Doink and Dink piss around in the WWF television studio, harassing employees with silly string, electric handshakes and water guns. This is some highbrow entertainment and not a waste of time at all. Doink was a bit of a wanker really.
WWF Intercontinental Championship
Razor Ramon (c) vs. Jeff Jarrett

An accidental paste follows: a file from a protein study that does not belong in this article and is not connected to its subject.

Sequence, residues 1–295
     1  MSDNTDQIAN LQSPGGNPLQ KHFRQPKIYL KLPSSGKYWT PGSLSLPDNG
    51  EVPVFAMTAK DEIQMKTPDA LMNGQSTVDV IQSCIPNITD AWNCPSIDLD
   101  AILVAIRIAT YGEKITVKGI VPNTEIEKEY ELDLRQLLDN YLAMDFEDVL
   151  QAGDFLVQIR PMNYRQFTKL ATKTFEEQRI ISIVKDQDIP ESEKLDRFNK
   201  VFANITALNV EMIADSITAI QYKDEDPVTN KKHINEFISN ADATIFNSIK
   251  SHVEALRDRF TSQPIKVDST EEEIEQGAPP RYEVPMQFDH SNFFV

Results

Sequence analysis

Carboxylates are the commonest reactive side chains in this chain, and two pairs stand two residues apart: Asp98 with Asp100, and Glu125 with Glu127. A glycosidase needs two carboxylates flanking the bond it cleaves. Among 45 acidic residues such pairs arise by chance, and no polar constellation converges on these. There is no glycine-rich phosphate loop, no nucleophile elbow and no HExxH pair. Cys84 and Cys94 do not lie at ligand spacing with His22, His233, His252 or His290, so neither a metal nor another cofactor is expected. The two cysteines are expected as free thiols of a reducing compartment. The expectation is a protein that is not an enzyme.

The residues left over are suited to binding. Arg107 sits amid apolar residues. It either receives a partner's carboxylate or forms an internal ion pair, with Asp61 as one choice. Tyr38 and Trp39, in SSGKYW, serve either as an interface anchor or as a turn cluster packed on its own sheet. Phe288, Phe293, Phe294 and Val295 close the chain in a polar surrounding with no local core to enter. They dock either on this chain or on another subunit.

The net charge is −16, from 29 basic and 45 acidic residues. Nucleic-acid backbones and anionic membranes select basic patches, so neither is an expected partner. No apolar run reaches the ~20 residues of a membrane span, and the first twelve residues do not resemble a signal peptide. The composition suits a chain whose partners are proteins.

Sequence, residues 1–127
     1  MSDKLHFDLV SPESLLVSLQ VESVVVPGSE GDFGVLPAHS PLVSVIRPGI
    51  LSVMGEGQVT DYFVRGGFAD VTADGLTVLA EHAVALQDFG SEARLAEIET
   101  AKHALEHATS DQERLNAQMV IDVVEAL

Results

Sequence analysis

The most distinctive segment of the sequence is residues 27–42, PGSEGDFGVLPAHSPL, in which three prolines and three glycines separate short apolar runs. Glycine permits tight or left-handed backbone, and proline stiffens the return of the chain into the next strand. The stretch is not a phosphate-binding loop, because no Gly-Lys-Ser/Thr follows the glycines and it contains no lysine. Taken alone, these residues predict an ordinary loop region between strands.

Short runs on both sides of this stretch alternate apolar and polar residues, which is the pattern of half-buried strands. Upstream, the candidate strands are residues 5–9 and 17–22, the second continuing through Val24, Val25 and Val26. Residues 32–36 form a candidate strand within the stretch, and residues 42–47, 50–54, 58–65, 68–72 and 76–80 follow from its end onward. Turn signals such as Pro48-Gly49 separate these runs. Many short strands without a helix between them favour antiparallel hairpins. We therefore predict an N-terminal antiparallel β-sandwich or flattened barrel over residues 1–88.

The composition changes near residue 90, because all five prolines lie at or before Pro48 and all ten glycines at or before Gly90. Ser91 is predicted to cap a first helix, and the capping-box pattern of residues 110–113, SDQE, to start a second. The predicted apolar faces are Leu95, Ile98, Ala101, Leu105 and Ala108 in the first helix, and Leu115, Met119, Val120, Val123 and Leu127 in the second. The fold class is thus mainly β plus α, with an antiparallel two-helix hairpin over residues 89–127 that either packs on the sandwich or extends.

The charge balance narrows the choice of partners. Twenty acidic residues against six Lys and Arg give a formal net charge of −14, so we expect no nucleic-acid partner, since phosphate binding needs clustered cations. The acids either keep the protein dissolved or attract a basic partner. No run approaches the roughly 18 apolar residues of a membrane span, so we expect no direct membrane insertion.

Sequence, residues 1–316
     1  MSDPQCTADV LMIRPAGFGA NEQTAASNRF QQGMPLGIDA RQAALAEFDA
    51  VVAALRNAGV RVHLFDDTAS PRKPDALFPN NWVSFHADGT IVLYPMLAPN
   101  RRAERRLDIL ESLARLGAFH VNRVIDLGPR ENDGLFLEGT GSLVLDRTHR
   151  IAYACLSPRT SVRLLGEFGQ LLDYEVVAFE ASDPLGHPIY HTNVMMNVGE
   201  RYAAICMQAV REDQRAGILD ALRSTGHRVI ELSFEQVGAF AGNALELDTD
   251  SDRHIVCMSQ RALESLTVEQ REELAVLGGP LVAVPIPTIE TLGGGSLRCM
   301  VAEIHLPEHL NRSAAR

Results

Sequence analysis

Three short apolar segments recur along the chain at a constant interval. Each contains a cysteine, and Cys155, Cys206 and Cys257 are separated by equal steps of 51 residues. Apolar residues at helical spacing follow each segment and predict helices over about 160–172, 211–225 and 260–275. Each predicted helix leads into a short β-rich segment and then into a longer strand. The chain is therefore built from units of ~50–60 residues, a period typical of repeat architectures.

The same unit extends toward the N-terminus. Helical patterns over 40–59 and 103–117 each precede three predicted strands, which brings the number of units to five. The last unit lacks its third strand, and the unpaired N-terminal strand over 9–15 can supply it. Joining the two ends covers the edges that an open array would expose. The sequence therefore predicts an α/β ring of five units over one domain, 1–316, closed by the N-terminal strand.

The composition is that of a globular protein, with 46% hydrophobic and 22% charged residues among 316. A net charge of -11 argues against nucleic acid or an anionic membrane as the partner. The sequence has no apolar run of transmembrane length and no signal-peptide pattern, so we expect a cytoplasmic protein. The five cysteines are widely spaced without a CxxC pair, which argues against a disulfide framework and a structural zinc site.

This is the third match in a row from the same show, and finally we DO have a Coliseum exclusive. These guys feuded extensively throughout 1994 and 1995 over the IC belt. Some of the matches were ok, others stuck rigidly to formula. Razor comes to the ring with a fat dude called Ranger Danger. No, he is nothing to do with Kevin Smith. He is a local celebrity who did… well really, who cares? Stan Lane calls him a “lucky fan”. Jarrett is dressed as ostentatiously as ever, today sporting yellow spandex with multicoloured shiny bits. When you look at Double J in 1994, it is very hard to picture him ever being a world champion anywhere. The difference between his very “Memphis” level act here and the polished super-heel he became from 1999 onwards, is night and day. They start slowly, and Razor gets bored and busts out the SOS (sack of shit), then follows it up with an armbar. That wouldn’t have been my logical next hold, I have to say. Jarrett busts out some dropkicks, which is a strange choice of move for a heel. I associate the dropkick with a high flying babyface, not a heel, no matter how colourful he might be. The same applies to a top rope high crossbody, which Jarrett also uses. Gorilla breaks out the insider jabs, saying how Razor looks “lethargic, for whatever reason here”. Oh, Gorilla, you cad you. There is nothing to this at all, the chemistry just isn’t there. Which is a bit of a bugger really, what with them going onto have many more matches, often on PPV. Jarrett wins on a count out, but it doesn’t dawn on him that he hasn’t won the IC title, because he is an idiot. When he realises, he goads Razor into returning to the ring and the match restarts. He did the same thing at Royal Rumble ’95 a few months later, and actually won the title. That doesn’t happen here, instead Double J gets pasted in about thirty seconds after getting caught with the Razor’s Edge. A drab encounter, with little in the way of action or entertainment.